Skip to main content

Tech is not the be-all and end-all

Although I said I'd blog every day in November, I meant "school days" and didn't intend to blog on the weekend. But I had a few minutes between tasks and was browsing Twitter and came across Draper's post:
It’s (still) not OK for teachers to remain digitally illiterate. Here’s why…
Now, for starters, I encourage any and all teachers to aim towards integrating technology into their classrooms in a meaningful and appropriate to their task way. I'm a tech guy.  I enjoy experimenting, and failing, with technology in my classroom as we push against physical & virtual pedagogical boundaries.
However, I decline to agree that a teacher who does not integrate technology into their classroom is in any way neglecting the best interests of the student so long as the teacher is focusing on critical thinking and social & emotional learning (and their subject matter), and is, in their own way experimenting with their craft.  That latter part is important -- if they are only doing what they did last year, and not responding to student learning needs, then yes, they need a wake-up call.  But the other end of the phone may not be technology -- it may be professional work on classroom management, discussion, questioning, assessment & feedback, etc.
Why do I not make it a seemingly moral obligation to demand technology use from teachers?
Because of transfer. If you earnestly teach a student to be critical thinkers in any context, then that (should) help them be critical in other areas.  And if you don't agree with that, then how can you justify them using tech tools (smartphones, say) when the technology of their tomorrow will be augmented & virtual reality, holograms, directly-beamed-into-head-images (who knows?)... will their digital-critical-thinking skills necessarily transfer between digital realms any more effectively?  Put in their core the ability to question & reason in any space.
The same argument can be made for misbehaviour.  Technology doesn't create the misbehaviour; it accelerates what was already there.  So if you work on students' empathy and understanding, conflict resolution and bullying (management?  I'm not sure the right word) then when they return to their digital spaces (either after school, or in their next class) they have internalized personal approaches to human (and digital) interactions.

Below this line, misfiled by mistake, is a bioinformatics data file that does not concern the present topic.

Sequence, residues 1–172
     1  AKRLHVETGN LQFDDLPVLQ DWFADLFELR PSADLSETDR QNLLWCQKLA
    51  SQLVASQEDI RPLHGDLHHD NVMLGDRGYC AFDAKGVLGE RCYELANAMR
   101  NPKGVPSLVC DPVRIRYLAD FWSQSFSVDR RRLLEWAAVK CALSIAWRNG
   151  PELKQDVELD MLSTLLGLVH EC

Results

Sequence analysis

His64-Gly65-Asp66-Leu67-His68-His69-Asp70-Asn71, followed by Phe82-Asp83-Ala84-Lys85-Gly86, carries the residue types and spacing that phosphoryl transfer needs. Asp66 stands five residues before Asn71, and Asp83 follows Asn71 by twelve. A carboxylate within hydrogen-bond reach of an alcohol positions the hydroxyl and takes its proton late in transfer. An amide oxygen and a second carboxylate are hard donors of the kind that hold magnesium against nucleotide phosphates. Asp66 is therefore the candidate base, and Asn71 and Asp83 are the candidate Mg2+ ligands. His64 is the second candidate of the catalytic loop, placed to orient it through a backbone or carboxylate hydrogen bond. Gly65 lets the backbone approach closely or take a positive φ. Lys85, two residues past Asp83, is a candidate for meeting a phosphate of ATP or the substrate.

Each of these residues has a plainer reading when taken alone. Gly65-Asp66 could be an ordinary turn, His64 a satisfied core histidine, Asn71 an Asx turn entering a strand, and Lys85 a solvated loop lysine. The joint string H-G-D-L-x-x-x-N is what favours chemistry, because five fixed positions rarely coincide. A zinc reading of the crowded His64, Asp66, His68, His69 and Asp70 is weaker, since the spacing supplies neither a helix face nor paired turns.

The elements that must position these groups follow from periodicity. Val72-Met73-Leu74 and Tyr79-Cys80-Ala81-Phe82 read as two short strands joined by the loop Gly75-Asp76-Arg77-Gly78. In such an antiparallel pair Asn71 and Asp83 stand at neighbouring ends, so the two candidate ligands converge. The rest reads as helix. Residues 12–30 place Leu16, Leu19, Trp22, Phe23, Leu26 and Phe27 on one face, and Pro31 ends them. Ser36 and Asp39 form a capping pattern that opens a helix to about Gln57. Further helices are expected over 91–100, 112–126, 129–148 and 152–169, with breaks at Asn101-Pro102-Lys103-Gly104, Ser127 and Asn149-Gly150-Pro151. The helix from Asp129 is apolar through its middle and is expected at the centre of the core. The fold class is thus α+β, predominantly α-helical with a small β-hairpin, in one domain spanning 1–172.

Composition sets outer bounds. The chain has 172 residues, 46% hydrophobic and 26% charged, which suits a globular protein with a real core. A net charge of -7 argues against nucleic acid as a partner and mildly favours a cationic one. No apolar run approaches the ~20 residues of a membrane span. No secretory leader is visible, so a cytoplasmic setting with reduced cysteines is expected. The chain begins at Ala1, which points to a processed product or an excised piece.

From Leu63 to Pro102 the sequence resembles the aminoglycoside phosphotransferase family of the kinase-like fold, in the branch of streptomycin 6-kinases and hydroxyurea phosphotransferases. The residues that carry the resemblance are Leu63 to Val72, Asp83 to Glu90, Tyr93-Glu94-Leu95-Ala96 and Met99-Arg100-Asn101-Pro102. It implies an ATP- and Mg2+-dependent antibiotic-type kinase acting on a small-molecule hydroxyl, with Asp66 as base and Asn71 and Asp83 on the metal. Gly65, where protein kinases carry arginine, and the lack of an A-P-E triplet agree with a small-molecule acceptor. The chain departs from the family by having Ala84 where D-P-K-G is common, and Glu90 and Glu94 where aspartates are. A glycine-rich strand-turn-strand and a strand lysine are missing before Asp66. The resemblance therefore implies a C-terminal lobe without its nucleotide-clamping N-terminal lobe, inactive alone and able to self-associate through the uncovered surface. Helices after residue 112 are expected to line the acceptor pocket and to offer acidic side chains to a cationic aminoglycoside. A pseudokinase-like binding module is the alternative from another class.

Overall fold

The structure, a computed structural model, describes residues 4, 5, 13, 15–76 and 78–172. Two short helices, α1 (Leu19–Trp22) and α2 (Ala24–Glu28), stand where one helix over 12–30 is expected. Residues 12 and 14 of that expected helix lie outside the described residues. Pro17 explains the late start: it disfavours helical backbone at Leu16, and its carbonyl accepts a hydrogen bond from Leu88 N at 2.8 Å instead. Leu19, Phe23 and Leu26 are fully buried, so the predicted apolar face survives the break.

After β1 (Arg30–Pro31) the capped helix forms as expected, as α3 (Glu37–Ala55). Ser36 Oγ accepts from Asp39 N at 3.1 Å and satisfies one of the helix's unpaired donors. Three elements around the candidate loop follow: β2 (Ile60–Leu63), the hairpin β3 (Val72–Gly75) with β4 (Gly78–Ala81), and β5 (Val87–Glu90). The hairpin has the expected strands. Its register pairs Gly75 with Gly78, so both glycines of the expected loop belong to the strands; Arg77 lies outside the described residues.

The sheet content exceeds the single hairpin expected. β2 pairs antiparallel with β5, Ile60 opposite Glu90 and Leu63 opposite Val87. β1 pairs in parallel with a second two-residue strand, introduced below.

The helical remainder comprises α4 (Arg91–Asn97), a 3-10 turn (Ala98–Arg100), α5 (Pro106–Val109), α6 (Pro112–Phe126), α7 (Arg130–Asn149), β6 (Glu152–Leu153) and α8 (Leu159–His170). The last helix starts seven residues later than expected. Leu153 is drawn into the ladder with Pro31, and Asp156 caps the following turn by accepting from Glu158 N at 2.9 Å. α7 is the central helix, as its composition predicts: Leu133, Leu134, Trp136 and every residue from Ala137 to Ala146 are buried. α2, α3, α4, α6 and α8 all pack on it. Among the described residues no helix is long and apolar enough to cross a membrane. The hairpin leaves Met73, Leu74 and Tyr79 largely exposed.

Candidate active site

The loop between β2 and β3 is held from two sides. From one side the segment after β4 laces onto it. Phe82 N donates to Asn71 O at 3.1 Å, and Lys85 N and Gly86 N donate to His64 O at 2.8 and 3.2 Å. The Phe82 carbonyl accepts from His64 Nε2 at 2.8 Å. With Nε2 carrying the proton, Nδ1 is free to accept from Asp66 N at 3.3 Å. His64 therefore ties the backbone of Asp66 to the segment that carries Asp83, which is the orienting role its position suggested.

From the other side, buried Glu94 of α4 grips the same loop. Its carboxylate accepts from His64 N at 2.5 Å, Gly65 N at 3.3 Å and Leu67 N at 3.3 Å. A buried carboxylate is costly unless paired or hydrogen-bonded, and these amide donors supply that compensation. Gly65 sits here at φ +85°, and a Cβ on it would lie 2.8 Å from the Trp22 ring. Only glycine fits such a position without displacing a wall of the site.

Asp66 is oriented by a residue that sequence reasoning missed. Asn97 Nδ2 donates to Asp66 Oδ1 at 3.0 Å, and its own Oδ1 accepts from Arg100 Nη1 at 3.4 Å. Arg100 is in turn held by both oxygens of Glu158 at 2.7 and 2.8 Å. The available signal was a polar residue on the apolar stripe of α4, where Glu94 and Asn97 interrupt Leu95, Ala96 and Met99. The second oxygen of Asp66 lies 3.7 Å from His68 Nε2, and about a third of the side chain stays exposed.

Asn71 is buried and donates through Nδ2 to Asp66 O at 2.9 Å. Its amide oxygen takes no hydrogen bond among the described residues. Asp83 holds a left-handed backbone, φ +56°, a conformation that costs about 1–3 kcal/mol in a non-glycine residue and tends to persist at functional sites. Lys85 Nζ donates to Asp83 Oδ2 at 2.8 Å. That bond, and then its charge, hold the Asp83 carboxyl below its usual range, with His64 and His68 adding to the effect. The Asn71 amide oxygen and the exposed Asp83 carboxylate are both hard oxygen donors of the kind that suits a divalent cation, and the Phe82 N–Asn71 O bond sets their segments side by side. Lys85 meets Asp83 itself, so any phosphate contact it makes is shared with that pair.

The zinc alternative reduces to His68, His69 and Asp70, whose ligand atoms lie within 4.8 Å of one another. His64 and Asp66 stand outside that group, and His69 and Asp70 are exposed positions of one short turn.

Focus on good teaching. Focus on making learning visible. Focus on social & emotional learning. If a teacher experiments with technology, that's great! But don't imply any less professionalism for a teacher who is focusing good teaching in a non-technological environment.

Post a Comment

Popular posts from this blog

Escape Room / BreakOut in OneNote

[[Part 2 of this article is here: Link]]

So when I was visiting Anna in Edinburgh during March Break, she showed me how she used Password-Protected OneNote sections within the OneNote ClassNotebook to help students check their work -- she set the password to the correct answer, so they knew they had it right when the Section opened up.

I figured I could use this for Math Review, so I set aside a couple of hours (turned out to be 3 hours but a fair chunk of that was solution-time) the other night to put an Exam Review together for my Grade 10 Mathematics course.  I pulled together as many multiple choice questions and short answer questions on the topics as I could Google and tried to balance each Section with a mix of topics and then threw in a couple of pop-culture questions, too.  The students worked on the problems in each section and used the answers as passwords to unlock the next section until they got to the Prize section.
Result?  Near total continual engagement for the 60 min…

Desmos, OneNote & Replay

So using Desmos activities are a great way to encourage exploration and discussion in math class -- if you haven't tried them, I encourage it.  They're collected at 

But ... Desmos doesn't give you quite enough.  It doesn't have a way of capturing the work that the student does within their space, and it doesn't allow for annotation of class contributions as we come together to discuss.  Well, not surprisingly, OneNote comes to the rescue. 
Using the Windows shortcut Windows-Shift-S it is really quick to snag the Desmos screen and pop it into a waiting OneNote page.  From there, we can grab our pen and (using wireless projection) talk about what all the different responses mean and where to go from there.
(An aside : one of the nice features of Desmos activities are the way you can hit PAUSE and it will pause all the screens of the students working.  I always give them a heads up "10 seconds to pause..." and it's refreshing…

Teacher Professional Development and Microsoft OneNote

During the first three weeks of July, I have the amazing opportunity to work at the Park City Mathematics Institute.  It is, without exaggeration, the best professional development opportunity for teachers of mathematics.  Participants spend three weeks thinking deeply about mathematics and mathematics education.

There are three main aspects of PCMI:

learning mathematicsreflection on practice (RoP)becoming a resource to others.I'm part of the team for RoP and in charge of the third aspect, in which participants consider a gap in professional development back at their home districts and work in small groups to help fill that hole by developing a rich PD seminar on that topic.

It is not easy to develop professional development.  Teachers who haven't written PD have to patiently learn how to write (essentially) lesson plans for someone else.

This year, I used Microsoft OneNote to facilitate the process.  We have a central OneNote Notebook through which I lay out the daily schedule…